You’re Liver Will Love You If You Eat More Broccoli (and Brassicas)
What’s it with this tradition of having Brussels sprouts ( same family as broccoli) at Christmas? Love them or hate them? It seems you can’t have a traditional Christmas dinner without them, at least in many parts of the world.
There is a reason that they are a great addition to a meal – read on!
So if you’re not partial to Brussel sprouts, include other members of the Brassica family – broccoli, kale, cauliflower, rocket and cabbage (basically means cabbage) family.
So, why eat brassicas anyway?
Brassicas contain good substances (I3Cs – indole-3-carbinols, DIM and glucosinolates) which help boost the liver’s ability to eliminate and deal with unwanted toxins that we consume – including alcohol and chemicals. Even unwanted hormones!
Your liver is your waste disposal unit – it works hard to process and metabolise toxins and hormones, thereby making them safe to be eliminated. The liver needs good quality fuel in the form of nutrients to work efficiently.
Brassicas are nearly unrivaled as a food source for activating glutathione (the mother of all antioxidants) and supporting detoxification of many chemical substances through your liver. Also, be sure to also include plenty of antioxidants from brightly coloured, fruit and vegetables with the brassicas.
What’s The Role of Brassicas in Hormone Balance
For women the reason these veggies are so vital is that they can help do amazing things in for your body. They actually help promote healthy levels of ‘good’ oestrogens and help remove ‘bad’ oestrogens from the body.
It’s the livers critical role to keeping your hormones in balance, by eliminating the excess oestrogens. The liver uses the I3C’s and diindolylmethane (DIM) in this process.
The wrong kind of oestrogen could be the reason you’re having problems like migraines, food cravings, PMS, infertility, heavy periods, fibroids, endometriosis and other issues related to the female reproductive system.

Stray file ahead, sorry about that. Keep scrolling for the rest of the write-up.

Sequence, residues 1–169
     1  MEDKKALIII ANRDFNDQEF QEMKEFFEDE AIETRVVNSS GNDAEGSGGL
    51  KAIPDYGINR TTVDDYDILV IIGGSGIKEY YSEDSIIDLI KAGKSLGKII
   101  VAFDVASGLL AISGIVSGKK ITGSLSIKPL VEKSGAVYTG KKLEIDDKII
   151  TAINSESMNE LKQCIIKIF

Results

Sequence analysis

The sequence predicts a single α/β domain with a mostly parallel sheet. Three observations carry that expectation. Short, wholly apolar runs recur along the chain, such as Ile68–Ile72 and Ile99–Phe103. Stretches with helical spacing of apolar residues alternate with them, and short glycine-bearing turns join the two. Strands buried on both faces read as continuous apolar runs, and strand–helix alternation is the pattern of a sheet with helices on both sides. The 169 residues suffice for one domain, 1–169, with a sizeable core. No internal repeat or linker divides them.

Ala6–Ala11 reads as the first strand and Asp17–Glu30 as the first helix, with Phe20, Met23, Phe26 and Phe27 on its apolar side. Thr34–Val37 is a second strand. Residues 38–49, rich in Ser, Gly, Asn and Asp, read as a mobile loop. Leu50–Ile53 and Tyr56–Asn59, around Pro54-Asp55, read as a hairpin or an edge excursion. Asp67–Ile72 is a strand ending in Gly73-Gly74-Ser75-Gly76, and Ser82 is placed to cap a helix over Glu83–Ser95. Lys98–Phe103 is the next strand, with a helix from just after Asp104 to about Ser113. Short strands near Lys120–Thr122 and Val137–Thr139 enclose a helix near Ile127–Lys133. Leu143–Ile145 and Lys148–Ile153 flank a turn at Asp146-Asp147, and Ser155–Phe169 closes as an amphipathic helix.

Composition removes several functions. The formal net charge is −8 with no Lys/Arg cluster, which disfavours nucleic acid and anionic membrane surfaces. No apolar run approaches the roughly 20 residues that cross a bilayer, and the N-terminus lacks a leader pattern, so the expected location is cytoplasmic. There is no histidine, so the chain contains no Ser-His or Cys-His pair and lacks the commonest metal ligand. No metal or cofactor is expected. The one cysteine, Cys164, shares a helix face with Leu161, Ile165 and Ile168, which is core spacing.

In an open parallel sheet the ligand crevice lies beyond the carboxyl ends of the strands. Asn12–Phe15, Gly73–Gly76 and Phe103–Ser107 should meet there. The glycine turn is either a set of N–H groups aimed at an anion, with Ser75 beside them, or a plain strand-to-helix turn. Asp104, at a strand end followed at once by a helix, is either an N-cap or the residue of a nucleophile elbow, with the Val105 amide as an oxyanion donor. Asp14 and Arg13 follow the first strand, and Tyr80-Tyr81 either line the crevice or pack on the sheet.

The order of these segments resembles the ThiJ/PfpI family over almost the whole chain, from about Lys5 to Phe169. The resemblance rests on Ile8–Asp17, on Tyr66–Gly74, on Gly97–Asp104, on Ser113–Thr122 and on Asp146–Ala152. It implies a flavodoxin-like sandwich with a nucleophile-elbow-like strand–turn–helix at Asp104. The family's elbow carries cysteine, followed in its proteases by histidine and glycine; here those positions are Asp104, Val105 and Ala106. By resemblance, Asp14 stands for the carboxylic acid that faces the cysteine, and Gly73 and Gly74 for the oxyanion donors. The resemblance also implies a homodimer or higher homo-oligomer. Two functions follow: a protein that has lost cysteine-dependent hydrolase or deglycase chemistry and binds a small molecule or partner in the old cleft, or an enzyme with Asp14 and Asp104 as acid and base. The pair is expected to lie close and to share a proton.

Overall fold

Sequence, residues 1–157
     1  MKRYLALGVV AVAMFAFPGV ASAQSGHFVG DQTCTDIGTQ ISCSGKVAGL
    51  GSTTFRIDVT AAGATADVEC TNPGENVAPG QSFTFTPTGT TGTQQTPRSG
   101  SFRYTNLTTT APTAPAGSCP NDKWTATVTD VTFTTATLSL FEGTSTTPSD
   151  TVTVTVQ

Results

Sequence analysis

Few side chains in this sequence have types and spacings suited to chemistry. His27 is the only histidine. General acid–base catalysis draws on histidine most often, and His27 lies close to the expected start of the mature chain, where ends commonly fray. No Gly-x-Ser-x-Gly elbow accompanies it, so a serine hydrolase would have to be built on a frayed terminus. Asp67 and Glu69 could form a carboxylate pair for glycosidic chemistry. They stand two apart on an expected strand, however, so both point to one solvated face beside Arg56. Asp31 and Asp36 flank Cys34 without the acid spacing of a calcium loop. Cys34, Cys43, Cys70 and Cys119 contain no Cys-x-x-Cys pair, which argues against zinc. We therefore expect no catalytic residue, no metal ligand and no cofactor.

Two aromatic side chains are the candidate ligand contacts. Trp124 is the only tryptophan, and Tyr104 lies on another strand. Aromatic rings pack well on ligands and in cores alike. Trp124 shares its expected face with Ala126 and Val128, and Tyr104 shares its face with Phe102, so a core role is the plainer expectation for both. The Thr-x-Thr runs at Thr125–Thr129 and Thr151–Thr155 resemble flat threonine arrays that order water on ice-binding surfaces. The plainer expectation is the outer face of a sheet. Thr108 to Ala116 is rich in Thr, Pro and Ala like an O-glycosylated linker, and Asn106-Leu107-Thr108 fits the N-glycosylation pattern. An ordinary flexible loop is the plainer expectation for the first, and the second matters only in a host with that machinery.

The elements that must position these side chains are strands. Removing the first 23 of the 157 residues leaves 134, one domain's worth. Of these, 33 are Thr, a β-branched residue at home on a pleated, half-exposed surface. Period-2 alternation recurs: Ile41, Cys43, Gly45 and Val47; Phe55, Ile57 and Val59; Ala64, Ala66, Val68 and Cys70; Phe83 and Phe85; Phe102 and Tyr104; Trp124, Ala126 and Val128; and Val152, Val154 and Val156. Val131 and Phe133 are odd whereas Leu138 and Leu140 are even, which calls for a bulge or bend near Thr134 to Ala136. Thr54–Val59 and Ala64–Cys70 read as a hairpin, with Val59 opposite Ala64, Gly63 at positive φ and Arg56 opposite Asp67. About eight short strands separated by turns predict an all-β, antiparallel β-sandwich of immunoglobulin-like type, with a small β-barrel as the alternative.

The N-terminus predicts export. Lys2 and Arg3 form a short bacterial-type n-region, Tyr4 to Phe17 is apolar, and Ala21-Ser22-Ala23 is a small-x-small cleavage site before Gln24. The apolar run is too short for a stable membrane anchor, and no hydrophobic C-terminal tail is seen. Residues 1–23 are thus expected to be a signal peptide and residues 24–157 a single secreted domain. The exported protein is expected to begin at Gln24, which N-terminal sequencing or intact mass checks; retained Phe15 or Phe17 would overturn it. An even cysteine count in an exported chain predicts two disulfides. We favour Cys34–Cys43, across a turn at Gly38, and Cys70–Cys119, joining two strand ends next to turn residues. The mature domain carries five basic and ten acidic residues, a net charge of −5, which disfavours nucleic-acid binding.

The brassicas are powerhouses of nutrients including vitamin C, vitamin K, all the B vitamins and carotenoids. Those in the know will say that one could hardly consume enough of these veg in one day to reap all the health benefits, with evidence in both cancer research and liver detoxification.
Brassicas are also very beneficial for the immune, digestive and cardiovascular systems due to their high volume of fibre.
Anti-ageing and Metabolism Boost [Hot off the press]
Scientists have discovered a natural compound NMN found in broccoli, cabbage (edamame, avocado, and cucumber) that has “fantastic anti-ageing effects in mice” – and that could work on humans. (They’ve now started trialing this with humans)
So far, they’ve seen numerous positive effects on mice – their level of physical activity increased, bone density and muscles improved, the immune system and liver performed better, their eyesight improved and they even lost weight.
As animals get older, they produce less NAD which is involved in energy production in the body. They gave mice NMN to see if this would boost levels of NAD and have a rejuvenating effect.
Asked if this worked, lead researcher Professor Shin-ichiro Imai, of Washington University in St Louis, said: “The answer is basically yes. As a matter of fact, NMN has remarkable anti-ageing effects in mice.”
So watch this space and all the more reason to keep eating broccoli!
Try this delicious Red Cabbage Salad Recipe
My suggestion is to have your fill of brassica veg this Christmas and support your liver. It might be working harder than usual.
In the past those with thyroid issues may have been told that the goitrogens, found in the brassicas, can do their body more harm than good.
A recent assessment published in Nutrition Review looked at the evidence and found – that the usual daily intake is far lower than what could ever negatively affect your thyroid.
This is especially true if you cook them, as it de-activates the goiterogen.
Many doctors, including the most renowned thyroid experts, would say that it’s nearly impossible to consume enough goitrogens to become a real problem. This is true unless the foods highest in this plant chemical ie. Russian/Siberian kale, some collards, and Brussels sprouts, turnips and rutabagas – are eaten daily, as a staple and in the presence of iodine deficiency.
In fact, you’d have to consume over one kilogram of un-cooked or raw vegetables every day for several months before you developed symptoms.